Sapphire is also introducing “Turbine-X” with the Nitro+ Radeon RX 64 Limited Edition. Turbine-X adds a PWM fan header to the rear end of the card’s custom PCB, similar to what you find on ROG Strix graphics cards that support Asus’ FanControl technology. That header can power up to two case fans, which then take orders from an on-card hardware controller that monitors five temperature sensors on the graphics card’s PCB to ramp fan speeds up and down as needed. Nifty!
You may have noticed the clear acrylic around the two fans at the card’s extremities. Those house RGB LEDs that can be customized with a new version of Trixx. The Sapphire name on the edge of the Nitro+ Limited Edition glows as well, along with the Nitro logo adorning the card’s full-length backplate. And yes, you can disable the lighting completely if illuminated PC gear gets you grumpy.
Whew! Sapphire sure stuffed this card with cooling potential, and as you’ll see in the performance section later, it pays off when it comes to the biggest flaws in reference Vega 64 cards.
Sapphire ostensibly engineered this for maximum overclocking potential in case you happen to get a golden Vega GPU, but the Nitro+ Radeon RX 64 Limited Edition ships with a decent factory overclock in place, too. Reference Vega 64 cards ship with a 1,274MHz base clock and 1,546MHz boost clock, though those limits can be exceeded if the card stays cool. The Nitro+ Limited Edition offers 1,423MHz base/1,611MHz boost clocks. That’s halfway to liquid-cooled Vega 64 speeds, which top out at 1,677MHz.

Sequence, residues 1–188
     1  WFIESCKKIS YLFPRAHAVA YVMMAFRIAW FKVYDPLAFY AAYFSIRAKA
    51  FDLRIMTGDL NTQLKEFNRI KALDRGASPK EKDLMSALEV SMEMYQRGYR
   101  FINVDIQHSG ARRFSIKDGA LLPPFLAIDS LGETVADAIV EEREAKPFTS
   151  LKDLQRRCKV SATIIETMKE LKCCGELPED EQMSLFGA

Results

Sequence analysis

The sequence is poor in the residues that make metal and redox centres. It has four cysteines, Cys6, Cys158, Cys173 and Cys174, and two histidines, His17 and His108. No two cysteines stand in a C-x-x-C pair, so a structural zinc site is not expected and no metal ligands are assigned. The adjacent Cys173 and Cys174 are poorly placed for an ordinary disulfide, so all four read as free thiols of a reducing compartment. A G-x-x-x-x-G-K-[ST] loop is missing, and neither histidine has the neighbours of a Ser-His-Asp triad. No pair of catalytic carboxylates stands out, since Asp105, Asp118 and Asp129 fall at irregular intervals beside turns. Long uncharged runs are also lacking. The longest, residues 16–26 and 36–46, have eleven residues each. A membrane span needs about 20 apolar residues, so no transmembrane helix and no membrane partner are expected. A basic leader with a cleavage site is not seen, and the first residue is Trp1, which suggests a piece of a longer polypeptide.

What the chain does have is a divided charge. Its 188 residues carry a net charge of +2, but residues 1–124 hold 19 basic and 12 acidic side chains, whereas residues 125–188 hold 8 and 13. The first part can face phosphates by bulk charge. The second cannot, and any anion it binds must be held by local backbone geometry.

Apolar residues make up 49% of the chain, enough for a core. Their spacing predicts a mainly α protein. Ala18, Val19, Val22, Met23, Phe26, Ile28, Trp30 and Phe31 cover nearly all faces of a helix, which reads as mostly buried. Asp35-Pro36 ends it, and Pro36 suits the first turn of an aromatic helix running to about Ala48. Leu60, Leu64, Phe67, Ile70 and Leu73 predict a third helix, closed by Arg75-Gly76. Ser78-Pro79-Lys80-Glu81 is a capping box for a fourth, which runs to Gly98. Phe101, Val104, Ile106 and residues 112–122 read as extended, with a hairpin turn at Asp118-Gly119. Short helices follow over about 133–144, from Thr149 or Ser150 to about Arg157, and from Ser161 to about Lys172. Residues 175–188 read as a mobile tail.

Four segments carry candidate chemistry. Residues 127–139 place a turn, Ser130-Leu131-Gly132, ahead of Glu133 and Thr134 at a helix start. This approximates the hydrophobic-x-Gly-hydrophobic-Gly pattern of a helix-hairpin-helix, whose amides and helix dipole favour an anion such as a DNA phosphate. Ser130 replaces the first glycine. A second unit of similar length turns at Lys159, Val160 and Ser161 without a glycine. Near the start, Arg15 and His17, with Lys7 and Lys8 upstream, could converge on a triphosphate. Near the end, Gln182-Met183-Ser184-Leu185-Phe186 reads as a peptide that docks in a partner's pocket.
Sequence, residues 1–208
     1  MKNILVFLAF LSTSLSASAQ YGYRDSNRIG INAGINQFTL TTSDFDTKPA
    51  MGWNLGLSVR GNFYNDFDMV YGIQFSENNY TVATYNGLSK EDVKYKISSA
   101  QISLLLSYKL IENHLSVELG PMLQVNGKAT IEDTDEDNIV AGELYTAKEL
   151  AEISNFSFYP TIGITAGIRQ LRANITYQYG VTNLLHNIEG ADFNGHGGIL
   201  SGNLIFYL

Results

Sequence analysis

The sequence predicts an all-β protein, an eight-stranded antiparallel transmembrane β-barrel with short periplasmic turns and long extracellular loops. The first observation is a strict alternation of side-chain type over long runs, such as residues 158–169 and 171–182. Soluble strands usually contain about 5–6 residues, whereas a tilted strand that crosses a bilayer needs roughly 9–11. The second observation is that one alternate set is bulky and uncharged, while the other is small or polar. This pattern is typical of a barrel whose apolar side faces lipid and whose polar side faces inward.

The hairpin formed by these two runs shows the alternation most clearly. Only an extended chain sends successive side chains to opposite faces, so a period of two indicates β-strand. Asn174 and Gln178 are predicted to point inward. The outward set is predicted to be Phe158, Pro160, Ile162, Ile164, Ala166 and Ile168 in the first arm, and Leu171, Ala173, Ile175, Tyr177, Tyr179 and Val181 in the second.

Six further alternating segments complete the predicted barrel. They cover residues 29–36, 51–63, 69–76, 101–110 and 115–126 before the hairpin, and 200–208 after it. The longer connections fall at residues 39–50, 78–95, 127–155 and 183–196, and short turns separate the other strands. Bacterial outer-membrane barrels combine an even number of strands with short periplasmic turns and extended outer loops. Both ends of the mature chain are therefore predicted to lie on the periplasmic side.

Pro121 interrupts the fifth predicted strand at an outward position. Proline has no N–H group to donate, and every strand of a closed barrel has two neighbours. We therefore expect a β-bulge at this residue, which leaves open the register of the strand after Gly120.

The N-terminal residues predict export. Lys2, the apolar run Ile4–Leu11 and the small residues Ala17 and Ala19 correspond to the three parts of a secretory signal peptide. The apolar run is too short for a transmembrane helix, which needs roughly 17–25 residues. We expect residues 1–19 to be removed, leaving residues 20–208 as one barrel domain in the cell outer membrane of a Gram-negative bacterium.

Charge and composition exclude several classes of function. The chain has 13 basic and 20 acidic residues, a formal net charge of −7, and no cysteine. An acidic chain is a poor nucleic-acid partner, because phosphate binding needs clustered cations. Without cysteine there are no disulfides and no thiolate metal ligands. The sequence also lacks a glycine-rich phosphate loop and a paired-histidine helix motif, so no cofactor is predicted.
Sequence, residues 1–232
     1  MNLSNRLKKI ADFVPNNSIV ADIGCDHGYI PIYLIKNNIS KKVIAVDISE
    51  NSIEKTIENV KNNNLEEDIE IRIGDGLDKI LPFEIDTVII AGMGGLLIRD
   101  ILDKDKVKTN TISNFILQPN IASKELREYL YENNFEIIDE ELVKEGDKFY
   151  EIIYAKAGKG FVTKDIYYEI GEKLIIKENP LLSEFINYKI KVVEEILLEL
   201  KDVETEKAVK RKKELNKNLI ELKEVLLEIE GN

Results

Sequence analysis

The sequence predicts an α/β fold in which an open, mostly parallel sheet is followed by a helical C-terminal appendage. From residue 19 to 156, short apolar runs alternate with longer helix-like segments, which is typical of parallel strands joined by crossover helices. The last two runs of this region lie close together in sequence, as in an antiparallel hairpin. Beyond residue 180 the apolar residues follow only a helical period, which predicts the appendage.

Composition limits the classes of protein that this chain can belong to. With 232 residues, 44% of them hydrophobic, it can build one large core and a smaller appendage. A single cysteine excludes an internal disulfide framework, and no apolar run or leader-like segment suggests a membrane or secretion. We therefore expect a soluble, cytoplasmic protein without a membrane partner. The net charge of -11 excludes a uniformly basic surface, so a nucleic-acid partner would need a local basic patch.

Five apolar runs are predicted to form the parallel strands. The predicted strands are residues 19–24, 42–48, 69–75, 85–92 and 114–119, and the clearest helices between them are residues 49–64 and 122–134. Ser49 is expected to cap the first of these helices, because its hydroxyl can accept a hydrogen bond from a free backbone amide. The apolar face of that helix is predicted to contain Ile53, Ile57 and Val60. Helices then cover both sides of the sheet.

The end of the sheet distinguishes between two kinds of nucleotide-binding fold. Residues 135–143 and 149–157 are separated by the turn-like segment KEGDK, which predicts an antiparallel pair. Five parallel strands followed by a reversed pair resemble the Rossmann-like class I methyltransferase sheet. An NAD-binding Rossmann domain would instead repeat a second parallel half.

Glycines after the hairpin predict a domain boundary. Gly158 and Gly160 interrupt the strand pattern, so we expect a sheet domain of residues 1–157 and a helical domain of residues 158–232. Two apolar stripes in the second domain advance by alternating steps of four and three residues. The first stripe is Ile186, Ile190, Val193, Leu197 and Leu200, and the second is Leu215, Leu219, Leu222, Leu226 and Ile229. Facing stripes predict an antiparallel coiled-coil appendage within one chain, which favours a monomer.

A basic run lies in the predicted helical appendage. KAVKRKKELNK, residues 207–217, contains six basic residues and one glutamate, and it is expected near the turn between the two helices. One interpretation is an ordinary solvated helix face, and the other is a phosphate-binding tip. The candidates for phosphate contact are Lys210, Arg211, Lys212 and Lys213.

The Nitro+ Limited Edition also offers a secondary “efficiency” BIOS, accessible via a switch on the edge of the card. It’s slightly more conservative than the default clock speeds for reference Vega 64 models, with 1,273MHz base/1,529MHz boost speeds. Of course, you can use the Wattman tool in Radeon Software to shift the card between Vega-specific Power Save, Balanced, and Turbo power profiles, too.
Speaking of power, you’re going to need an enthusiast-class power supply to run the Nitro+ Radeon RX 64 Limited Edition. Sapphire recommends three 8-pin power connectors and a minimum of an 850-watt PSU. That’s not as excessive as the 1,000W requirement for liquid-cooled Vega 64, but for comparison, Nvidia suggests a 500W PSU for its similarly powerful GeForce GTX 1080, which only requires two power pins. Sapphire’s overbuilding this card a bit though—the third power connector’s mostly there to support high-end overclocking. The card’s power connector circuit includes a fuse protector to keep your hardware investment safe in the event of a power surge.
Sapphire also changed up the port configuration on the Nitro+ Limited Edition to make it more VR-friendly. While the reference models pack a single HDMI port and a trio of DisplayPorts, Sapphire’s card has two HDMI ports and two DisplayPort connections instead.
Okay, now you know everything there is to know about the Sapphire Nitro+ Radeon RX 64 Limited Edition—except for how it performs in action. Moving on!
Next page: Our test system configuration, game benchmarks begin